Essay on UN Peacekeeping

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Even though, the UN charter does not mention the creation of a peacekeeping force, it has become a major instrument to deter violence and conflict since WWII. Particularly, after Cold War, international peacekeeping has climbed to the top of the agenda of the United Nations (UN) and many national governments (Druckman, et.al, 1997). As result, the UN peacekeeping currently operates in more than 60 disputed areas. Are these peacekeeping are effective in sustaining peace and stability? Or they are not? What are the scholars’ perspective on success and failure of peacekeeping? Did they agree or have divergent perspective?
Peacekeeping operations can help to resolve conflict without bloodshed. But, scholars have competing perspective on the
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II. United Nation and Peacekeeping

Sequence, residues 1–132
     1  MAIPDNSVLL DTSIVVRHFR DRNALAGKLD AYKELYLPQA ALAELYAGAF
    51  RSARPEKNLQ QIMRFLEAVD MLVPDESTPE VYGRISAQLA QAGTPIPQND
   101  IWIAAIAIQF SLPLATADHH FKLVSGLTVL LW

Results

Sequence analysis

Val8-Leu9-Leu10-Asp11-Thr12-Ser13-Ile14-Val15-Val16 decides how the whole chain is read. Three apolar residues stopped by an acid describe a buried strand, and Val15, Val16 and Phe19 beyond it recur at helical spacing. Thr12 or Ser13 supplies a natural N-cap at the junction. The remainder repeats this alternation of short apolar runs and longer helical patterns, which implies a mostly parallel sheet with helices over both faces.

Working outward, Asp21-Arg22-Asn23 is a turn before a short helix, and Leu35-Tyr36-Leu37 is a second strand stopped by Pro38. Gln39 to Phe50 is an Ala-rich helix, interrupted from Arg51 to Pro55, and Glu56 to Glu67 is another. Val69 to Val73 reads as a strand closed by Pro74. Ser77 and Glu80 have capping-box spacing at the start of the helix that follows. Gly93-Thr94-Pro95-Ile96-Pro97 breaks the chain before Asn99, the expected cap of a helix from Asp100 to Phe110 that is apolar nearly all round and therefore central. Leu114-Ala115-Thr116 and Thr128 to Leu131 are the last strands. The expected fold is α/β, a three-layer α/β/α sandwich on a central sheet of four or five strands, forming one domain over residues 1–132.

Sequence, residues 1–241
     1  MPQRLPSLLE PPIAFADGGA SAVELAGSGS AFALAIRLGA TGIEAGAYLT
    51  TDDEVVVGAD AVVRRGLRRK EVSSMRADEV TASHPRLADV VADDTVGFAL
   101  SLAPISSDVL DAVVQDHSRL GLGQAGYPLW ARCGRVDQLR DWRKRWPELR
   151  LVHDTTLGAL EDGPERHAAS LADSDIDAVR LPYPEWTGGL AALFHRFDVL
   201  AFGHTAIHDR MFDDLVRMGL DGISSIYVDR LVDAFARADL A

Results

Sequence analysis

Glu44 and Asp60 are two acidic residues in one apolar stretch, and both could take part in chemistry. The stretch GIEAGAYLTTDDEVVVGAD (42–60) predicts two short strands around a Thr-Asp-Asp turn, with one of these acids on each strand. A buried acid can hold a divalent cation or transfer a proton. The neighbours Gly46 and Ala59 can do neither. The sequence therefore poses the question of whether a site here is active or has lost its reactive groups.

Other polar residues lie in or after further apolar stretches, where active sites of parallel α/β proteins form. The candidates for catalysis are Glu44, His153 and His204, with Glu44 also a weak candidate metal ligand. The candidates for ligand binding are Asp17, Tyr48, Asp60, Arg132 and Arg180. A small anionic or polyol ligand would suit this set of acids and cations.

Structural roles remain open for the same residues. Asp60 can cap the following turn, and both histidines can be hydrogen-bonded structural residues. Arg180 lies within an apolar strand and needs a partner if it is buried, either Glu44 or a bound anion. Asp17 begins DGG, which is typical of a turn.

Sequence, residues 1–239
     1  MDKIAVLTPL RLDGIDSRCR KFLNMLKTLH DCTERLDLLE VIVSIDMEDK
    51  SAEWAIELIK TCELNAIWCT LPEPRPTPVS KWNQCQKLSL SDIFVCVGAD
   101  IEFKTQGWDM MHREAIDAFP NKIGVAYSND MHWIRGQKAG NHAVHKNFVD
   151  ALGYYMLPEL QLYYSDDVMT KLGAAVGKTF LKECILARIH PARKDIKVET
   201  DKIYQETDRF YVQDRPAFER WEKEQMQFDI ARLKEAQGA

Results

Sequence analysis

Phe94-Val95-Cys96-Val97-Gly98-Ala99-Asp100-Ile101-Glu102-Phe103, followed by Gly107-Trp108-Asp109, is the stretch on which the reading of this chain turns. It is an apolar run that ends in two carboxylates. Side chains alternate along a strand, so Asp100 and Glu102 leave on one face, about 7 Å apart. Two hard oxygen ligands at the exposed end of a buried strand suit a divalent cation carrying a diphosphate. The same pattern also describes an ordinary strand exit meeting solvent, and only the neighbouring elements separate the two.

In fact, a researched published in 1990, Peacekeeping in international politics, traced peacekeeping origins back to the delimitation commissions of early 1920s that redraw a number of European frontiers after the First World War (James, 1990). With the end of World War II, the establishment of the United Nation made member states to committee themselves for peace and stability of world and borrowed the ‘peacekeeping’ term back from 1920s.
But, in order to keep peace and security, the UN Charter offers specific settlement of disputes without mentioning the requirement of peacekeeping and its involvement in conflicting parties.
More explicitly, if any prolongation of dispute threaten the international security following failure to resolve peacefully , the Security Council will make recommendations, or decide what measures shall be taken (The UN, 2010; Smith, 2003). Among the measures peacekeeping become major mechanism of dealing conflict among disputed parties.
In addation, the uncertainty of collective security to prevent international conflict and the problem of war led member states of the United Nations to opt for a different solution – peacekeeping. As result, peacekeeping came to exist to facilitate armed conflicts control without agreement or agreed definition, nor mentioning in the United Nations (UN) charter (Goulding, 1993; Pelcovits &
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